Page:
For many of us, one of our first memories of cooking is listening to the jovial voice of a very tall woman on PBS, chuckling as she methodically deboned a chicken or loaded a dish with butter.
Julia Child was — and still is — an icon in the cooking world. She was born in California in 1912, and in 1949 moved with her husband to Paris, where she enrolled in the French cooking school Cordon Bleu as the only woman in her class. In 1961, after co-writing Mastering the Art of French Cooking, she returned to the United States, and two years later, officially introduced the country to the art of French cuisine with the debut of her television show The French Chef.
Her shows were drenched in joy and butter. Viewers loved her cheerful wobbly voice, her zeal to brandish a large knife, her ability to make fancy cooking accessible, and her bowlful of quips and life lessons in each episode.
Child didn’t just have sage wisdom about food, though. She looked at life through the lens of cooking, and many of her insightful comments can apply both in and out of the kitchen. Whether it’s using a dropped piece of meat as a metaphor for moving forward after making a mistake, or reflecting on how flipping something in a pan is a way to break free from fear, the multiple layers of meaning make her words all the more delicious. The 10 quotes below are some of the tastiest. In the words of Child herself, bon appetit!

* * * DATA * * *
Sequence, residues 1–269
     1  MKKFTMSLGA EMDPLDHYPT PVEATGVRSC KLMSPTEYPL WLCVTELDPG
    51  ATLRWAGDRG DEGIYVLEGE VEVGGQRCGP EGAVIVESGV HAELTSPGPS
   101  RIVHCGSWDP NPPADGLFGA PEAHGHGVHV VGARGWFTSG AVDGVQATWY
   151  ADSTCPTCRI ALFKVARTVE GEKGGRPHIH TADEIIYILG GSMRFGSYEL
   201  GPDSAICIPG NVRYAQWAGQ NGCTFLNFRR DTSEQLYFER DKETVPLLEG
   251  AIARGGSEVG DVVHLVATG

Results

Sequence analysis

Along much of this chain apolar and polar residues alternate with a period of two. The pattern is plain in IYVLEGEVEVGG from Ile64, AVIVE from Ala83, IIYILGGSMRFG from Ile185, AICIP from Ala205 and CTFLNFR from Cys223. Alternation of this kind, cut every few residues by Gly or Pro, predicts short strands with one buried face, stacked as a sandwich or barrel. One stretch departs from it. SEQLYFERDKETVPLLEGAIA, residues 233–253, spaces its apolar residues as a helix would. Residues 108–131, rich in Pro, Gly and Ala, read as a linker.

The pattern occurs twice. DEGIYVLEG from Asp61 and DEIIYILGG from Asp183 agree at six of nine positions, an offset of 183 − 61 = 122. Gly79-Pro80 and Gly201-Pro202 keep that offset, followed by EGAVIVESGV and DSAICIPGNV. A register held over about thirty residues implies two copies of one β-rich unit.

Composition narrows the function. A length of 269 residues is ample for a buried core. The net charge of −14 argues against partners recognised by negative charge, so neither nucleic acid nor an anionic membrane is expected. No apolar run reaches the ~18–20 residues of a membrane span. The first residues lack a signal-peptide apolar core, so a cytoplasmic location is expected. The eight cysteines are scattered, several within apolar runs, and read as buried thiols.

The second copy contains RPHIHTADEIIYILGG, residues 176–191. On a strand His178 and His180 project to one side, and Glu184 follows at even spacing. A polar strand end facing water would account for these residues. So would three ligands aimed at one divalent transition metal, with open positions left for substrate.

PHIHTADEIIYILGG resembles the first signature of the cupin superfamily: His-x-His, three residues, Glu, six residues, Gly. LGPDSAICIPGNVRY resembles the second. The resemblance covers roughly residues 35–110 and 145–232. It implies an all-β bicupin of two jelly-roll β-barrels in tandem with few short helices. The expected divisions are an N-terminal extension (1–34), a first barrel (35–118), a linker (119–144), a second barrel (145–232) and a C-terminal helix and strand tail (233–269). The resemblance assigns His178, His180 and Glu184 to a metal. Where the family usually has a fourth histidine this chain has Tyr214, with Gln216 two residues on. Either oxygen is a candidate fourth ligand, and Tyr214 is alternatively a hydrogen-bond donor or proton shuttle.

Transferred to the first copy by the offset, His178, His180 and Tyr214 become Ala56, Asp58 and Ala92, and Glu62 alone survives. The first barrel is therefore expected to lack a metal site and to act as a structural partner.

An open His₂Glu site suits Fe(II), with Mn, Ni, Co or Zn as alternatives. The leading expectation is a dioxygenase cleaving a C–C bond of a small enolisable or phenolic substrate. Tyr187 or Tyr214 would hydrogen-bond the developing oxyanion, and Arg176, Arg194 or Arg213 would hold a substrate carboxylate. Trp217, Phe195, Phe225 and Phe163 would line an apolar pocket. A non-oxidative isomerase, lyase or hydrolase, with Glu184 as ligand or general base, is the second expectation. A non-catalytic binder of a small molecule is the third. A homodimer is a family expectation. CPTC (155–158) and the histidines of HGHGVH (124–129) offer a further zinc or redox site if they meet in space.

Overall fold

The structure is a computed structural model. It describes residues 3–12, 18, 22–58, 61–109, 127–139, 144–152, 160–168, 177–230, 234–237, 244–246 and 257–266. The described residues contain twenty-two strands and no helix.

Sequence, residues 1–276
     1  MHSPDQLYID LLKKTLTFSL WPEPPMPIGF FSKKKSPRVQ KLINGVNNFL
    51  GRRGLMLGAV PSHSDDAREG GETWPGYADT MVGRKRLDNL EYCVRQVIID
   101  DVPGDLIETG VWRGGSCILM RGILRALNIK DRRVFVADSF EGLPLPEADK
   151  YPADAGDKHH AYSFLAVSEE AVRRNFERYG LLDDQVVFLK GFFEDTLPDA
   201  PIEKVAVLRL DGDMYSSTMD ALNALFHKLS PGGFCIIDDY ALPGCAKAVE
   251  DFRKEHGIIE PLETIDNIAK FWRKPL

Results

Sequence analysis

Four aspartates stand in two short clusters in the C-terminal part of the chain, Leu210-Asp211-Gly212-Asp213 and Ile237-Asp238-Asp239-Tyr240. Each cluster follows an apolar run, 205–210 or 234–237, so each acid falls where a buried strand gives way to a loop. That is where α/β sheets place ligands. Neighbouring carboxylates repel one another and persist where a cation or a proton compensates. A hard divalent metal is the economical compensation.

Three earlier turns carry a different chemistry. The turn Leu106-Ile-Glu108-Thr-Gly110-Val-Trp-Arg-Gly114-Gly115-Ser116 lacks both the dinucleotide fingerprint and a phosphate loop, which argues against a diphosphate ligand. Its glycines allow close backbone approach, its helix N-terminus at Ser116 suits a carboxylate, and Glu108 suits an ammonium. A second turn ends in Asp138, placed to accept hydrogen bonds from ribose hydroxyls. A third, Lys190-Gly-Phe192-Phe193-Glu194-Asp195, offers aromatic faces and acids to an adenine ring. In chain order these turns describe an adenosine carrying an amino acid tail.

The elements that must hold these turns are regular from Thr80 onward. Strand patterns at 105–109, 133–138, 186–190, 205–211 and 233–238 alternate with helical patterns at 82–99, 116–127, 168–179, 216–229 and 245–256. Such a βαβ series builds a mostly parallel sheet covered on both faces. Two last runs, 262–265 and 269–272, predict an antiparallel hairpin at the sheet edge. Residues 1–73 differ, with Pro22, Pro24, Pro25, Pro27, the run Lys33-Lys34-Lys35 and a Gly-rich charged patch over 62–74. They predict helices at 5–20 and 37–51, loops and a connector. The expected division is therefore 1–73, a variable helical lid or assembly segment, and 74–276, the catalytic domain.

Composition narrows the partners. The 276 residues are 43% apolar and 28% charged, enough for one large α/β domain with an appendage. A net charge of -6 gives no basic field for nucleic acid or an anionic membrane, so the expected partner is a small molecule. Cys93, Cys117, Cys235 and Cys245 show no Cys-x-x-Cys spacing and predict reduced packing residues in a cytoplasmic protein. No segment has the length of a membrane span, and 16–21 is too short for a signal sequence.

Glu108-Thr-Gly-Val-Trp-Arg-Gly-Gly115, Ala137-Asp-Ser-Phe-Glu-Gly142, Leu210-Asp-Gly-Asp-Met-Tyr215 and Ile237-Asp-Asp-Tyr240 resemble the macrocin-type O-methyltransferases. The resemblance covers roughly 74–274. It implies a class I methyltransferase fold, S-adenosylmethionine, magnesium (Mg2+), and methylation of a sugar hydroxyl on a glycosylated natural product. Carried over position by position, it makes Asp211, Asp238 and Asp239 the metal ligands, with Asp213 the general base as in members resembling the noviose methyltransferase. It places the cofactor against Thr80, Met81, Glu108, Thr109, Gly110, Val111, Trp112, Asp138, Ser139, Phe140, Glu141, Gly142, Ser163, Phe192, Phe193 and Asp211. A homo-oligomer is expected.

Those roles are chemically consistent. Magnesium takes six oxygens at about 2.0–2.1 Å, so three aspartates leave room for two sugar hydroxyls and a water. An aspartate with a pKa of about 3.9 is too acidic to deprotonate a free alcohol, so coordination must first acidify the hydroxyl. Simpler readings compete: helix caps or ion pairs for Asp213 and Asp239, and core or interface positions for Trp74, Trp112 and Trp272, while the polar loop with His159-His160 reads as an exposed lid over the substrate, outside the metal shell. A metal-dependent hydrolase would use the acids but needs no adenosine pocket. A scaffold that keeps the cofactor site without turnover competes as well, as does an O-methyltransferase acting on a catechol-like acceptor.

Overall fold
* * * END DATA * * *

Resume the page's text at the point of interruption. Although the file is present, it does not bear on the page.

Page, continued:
ON LETTING GO
Always remember: If you’re alone in the kitchen and you drop the lamb, you can always just pick it up. Who’s going to know?
A cookbook is only as good as its poorest recipe.
ON TAKING RISKS
The only real stumbling block is fear of failure. In cooking you’ve got to have a what-the-hell attitude.
ON GOING FOR IT
The only way you learn how to flip things is just to flip them.
The measure of achievement is not winning awards. It’s doing something that you appreciate, something you believe is worthwhile. I think of my strawberry souffle. I did that at least 28 times before I finally conquered it.
Just speak very loudly and quickly, and state your position with utter conviction, as the French do, and you’ll have a marvelous time!
You must have discipline to have fun.
ON LIVING TO THE FULLEST
I was 32 when I started cooking; up until then, I just ate.
People are uncertain because they don’t have the self-confidence to make decisions.
The more you know, the more you can create. There’s no end to imagination in the kitchen.